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Evidence and Gap Map Research Brief: UNICEF STRATEGIC PLAN 2018–2021 GOAL AREA 1: EVERY CHILD SURVIVES AND THRIVES
Evidence and Gap Map Research Brief: UNICEF STRATEGIC PLAN 2018–2021 GOAL AREA 1: EVERY CHILD SURVIVES AND THRIVES
Published: 2019 Innocenti Research Briefs
This research brief is one of a series of five briefs, which provide an overview of available evidence shown in the Campbell-UNICEF Mega-Map of the effectiveness of interventions to improve child welfare in low- and middle-income countries (LMICs). These briefs summarize evidence as mapped against the five goal areas of UNICEF’s 2018–2021 Strategic Plan, although it is anticipated that they will also be useful for others working in the child well-being space. This brief provides an overview of the available evidence related to child health and development.
Do constraints on women worsen child deprivations? Framework, measurement, and evidence from India
Do constraints on women worsen child deprivations? Framework, measurement, and evidence from India
Published: 2019 Innocenti Working Papers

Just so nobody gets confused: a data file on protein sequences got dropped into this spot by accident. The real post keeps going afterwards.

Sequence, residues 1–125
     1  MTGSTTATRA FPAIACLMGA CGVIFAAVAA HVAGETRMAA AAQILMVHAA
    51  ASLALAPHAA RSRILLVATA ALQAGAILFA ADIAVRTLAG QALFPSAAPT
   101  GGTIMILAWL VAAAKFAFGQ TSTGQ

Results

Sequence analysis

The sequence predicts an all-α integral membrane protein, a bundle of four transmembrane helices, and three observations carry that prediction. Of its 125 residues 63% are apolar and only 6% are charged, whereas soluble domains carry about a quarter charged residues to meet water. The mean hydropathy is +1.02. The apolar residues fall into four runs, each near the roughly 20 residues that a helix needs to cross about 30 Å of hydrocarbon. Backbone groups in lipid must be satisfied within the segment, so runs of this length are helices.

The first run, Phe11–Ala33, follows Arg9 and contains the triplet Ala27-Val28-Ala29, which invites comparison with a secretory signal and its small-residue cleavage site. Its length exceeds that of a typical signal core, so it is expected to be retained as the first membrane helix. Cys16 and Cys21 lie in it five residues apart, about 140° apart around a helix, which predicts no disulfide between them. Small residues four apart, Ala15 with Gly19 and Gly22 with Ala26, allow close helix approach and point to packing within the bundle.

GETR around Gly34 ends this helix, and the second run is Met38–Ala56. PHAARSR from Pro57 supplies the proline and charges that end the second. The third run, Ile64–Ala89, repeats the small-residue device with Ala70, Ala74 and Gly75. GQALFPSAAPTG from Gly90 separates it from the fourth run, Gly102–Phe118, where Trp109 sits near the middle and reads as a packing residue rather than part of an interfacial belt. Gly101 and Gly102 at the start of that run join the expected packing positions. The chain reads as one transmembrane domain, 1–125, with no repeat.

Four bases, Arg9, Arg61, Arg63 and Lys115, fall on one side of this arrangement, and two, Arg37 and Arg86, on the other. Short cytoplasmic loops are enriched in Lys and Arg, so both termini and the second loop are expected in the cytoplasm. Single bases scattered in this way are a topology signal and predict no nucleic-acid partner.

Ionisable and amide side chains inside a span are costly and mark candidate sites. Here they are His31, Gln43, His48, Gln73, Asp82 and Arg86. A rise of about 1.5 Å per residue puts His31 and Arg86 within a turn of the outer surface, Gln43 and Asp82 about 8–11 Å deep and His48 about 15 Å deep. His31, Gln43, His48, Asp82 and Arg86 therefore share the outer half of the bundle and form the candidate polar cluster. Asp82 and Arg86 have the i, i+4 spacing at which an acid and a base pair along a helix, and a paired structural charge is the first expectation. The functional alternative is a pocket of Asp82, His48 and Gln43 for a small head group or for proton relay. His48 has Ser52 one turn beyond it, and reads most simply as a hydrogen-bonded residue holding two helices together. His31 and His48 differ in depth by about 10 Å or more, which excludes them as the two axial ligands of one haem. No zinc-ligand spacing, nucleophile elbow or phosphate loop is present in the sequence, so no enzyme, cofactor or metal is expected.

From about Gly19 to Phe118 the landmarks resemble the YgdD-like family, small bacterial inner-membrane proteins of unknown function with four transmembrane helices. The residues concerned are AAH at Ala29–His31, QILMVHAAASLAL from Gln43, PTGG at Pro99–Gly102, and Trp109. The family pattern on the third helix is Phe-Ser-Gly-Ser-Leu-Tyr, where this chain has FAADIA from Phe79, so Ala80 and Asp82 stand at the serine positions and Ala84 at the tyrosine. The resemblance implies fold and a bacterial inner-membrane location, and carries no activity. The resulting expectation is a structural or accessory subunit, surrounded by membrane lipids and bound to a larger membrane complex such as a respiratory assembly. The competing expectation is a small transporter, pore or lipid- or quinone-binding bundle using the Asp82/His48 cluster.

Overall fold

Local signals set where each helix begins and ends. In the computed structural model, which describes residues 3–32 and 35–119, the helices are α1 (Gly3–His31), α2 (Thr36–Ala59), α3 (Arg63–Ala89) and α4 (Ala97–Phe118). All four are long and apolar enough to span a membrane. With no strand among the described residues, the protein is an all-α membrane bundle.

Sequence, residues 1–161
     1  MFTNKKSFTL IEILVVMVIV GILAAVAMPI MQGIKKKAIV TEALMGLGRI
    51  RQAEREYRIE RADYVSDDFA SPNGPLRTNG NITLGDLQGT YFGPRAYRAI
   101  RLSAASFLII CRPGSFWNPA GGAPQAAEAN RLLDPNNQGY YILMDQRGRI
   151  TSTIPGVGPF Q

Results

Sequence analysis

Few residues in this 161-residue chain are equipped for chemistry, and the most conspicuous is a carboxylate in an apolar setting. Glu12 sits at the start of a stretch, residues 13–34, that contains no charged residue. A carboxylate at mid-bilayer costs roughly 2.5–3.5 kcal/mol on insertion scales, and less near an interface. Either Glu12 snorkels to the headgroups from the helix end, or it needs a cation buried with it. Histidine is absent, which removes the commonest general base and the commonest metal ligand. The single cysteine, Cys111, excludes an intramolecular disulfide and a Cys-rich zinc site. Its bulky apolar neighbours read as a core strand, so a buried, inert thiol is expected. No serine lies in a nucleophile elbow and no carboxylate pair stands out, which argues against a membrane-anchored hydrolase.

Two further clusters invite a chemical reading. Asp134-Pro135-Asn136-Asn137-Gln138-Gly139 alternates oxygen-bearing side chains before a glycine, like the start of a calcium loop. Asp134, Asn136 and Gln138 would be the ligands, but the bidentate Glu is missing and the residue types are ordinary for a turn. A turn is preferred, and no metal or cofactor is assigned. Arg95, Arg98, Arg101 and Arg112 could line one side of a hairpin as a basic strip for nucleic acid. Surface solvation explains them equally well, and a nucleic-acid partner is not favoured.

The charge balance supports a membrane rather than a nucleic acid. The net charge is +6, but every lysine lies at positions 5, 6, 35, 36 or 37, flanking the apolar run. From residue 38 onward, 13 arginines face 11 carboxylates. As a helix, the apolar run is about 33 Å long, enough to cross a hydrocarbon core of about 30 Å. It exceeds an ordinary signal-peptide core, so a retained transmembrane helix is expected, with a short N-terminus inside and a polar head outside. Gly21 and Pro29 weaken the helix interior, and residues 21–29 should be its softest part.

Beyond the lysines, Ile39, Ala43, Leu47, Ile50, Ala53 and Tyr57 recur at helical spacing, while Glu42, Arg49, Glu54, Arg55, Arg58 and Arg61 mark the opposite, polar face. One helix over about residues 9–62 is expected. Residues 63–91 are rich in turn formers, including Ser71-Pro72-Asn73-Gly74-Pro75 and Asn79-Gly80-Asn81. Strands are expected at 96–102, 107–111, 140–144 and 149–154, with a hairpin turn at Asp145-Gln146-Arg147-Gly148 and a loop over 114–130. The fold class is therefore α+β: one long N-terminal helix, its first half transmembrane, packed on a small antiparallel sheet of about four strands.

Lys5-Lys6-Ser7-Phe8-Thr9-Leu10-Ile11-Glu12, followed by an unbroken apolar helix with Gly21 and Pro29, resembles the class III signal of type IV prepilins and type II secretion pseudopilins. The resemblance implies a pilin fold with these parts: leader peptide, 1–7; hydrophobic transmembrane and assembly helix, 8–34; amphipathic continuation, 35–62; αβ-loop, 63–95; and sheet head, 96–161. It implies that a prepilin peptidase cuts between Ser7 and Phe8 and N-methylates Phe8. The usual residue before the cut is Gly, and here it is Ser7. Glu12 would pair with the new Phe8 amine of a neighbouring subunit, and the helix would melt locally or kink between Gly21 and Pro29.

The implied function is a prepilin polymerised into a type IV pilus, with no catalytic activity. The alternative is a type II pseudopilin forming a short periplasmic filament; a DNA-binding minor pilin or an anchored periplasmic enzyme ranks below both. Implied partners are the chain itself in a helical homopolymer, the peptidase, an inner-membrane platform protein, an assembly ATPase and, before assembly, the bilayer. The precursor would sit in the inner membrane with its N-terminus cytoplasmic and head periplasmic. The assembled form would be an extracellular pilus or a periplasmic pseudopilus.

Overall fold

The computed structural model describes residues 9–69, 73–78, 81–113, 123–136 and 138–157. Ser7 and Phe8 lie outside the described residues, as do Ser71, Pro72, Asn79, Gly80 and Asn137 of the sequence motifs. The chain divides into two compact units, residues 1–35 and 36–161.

This paper provides a framework for analyzing constraints that apply specifically to women, which theory suggests may have negative impacts on child outcomes (as well as on women). We classify women’s constraints into four dimensions: (i) low influence on household decisions, (ii) restrictions on mobility, (iii) domestic physical and psychological abuse, and (iv) limited information access. Each of these constraints are in principle determined within households. We test the impact of women’s constraints on child outcomes using nationally representative household Demographic and Health Survey data from India, including 53,030 mothers and 113,708 children, collected in 2015-16. We examine outcomes including nutrition, health, education, water quality, and sanitation. In our primary specification, outcomes are measured as multidimensional deprivations incorporating indicators for each of these deficiencies, utilizing a version of UNICEF’s Multidimensional Overlapping Deprivation Analysis index. We identify causal impacts using a Lewbel specification and present an array of additional econometric strategies and robustness checks. We find that children of women who are subjected to domestic abuse, have low influence in decision making, and limited freedom of mobility are consistently more likely to be deprived, measured both multidimensionally and with separate indicators.